By Avraham David Sherwood
The Editor in Chief
A new study published in Nature magazine describes research and breakthrough collaboration led by IBM. The solution enables the development of new and improved semiconductor materials.
Nowadays, semiconductors are the cornerstones of the digital and electronic era. They provide us with huge quantities of useful devices in our modern lives, including computers, smartphones and other mobile devices. Improvements in semiconductor functionality and performance enable their next-generation applications for computation, sensing and energy conservation. However, researchers have for many years been faced with the inability to understand how the electronic charges in semiconductor devices and advanced semiconductor materials limit our ability to make further progress.
A new study published in Nature magazine describes IBM-led research and breakthrough collaboration on a problem that has plagued the physics world for some 140 years. The solution enables the development of new and improved semiconductor materials.
In order to truly understand the semiconductor physics we must first know the basic properties of charge carriers of the various materials and to know whether these particles are positive or negative, what their velocity is in a particular electric field and what their density is in a given material. In 1987, physicist Edwin Hall discovered a way by which these properties can be determined and is depicted as a magnetic field diverting the motion of the electronic charge with a conductive material, so the degree of deviation can be measured as a perpendicular to the charge current, as shown in Figure 1a. The Voltage, known as Hall Voltage, removes the mystery from essential information about semiconductor charge carriers, including are they negative or positive electrons or semi-particles called “holes”? What is the velocity of their movement in an electric field or their mobility? (Μ) and what is their density (n) in a semiconductor?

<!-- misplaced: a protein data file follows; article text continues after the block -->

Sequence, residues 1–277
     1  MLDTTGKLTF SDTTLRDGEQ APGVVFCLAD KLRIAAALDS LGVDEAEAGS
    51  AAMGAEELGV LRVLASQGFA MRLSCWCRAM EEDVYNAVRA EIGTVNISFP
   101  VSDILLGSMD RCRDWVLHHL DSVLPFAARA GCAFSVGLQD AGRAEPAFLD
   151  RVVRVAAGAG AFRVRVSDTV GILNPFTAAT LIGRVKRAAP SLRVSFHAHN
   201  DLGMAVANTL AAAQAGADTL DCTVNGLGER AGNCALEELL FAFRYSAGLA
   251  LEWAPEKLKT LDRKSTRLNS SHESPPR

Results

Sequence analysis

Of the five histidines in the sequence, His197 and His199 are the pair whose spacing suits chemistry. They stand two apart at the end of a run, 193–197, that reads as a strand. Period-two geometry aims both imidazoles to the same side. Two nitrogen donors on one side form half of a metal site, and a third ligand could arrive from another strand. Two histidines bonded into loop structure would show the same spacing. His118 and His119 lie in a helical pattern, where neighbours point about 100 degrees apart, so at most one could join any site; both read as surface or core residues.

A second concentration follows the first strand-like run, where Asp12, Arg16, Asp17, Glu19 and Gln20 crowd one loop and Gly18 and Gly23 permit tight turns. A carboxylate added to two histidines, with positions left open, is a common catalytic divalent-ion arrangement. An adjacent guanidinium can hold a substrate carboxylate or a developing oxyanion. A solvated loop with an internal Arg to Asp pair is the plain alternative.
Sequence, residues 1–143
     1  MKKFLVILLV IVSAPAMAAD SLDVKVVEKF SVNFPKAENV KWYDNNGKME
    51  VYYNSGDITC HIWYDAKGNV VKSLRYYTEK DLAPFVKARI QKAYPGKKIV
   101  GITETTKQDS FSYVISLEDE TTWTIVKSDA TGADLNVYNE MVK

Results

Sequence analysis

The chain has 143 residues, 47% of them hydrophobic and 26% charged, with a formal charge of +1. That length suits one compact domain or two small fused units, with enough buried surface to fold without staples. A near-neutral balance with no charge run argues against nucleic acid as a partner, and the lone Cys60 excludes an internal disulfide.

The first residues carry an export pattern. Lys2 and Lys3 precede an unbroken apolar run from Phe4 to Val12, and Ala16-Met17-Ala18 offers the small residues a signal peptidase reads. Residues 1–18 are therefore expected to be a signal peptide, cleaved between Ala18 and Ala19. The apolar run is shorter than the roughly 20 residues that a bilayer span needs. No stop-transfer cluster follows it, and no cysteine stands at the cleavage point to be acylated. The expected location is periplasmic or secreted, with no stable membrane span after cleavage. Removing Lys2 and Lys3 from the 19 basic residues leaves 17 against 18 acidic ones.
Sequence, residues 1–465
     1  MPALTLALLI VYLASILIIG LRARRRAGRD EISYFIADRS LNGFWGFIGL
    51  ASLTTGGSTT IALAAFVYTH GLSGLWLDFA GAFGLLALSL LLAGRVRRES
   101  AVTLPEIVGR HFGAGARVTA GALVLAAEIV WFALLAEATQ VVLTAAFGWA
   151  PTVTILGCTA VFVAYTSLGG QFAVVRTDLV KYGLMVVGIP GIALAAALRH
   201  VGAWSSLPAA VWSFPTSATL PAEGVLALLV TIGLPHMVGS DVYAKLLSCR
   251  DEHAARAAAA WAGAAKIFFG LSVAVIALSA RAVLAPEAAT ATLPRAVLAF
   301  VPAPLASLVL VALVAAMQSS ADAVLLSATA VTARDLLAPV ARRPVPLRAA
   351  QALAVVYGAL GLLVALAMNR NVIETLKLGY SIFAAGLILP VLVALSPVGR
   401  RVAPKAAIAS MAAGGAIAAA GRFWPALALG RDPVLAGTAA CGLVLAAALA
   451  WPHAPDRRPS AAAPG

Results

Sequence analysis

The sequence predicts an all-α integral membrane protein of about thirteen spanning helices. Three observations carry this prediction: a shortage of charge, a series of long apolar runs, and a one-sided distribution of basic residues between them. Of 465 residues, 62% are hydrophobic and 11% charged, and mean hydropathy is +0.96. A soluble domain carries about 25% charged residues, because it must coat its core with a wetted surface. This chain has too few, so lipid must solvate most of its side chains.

A 140-year-old secret
For decades after Hall’s discovery, other researchers have realized that they can also measure Hall’s effect with light. The experiments they conducted were called light experiments in light and are shown in Figure 1b. In these experiments, the illumination of the semiconductor generates a large number of charge carriers or pairs of “holes”. Understanding the basic Hall effect provided insights only on the positive charge carriers (which constitute most carriers). The researchers were unable to understand the features of the two carriers at the same time. This information is essential for many applications involving light such as solar cells and other optoelectronic devices.
The IBM Research study published in Nature explains one of Hall’s biggest puzzles. Researchers from the Korea Institute for Advanced Science and Technology (KAIST), the Korea Chemical Technology Research Institute (KRICT), Duke University, and IBM have discovered an innovative formula and technique that can simultaneously extract information on the majority and minority carriers, such as density and mobility characteristics, and generate additional insights On the lifetime of the carriers, the length of the diffusion and the process of reunification (recombination)
In the Hall light experiment, both carriers contribute to changes in the conduction (σ) and the coefficient of Hall (H) and are therefore proportional to the Hall voltage relation to the magnetic field. The main insight comes from the conduction measurement and Hall coefficient as a function of light intensity. The transmission curve – Hall coefficient (σ-H), hidden in the transmission path, reveals new information: the difference in the mobility of the two carriers. The study summarizes these relationships elegantly as follows: Δµ = d (σ²H) / dσ.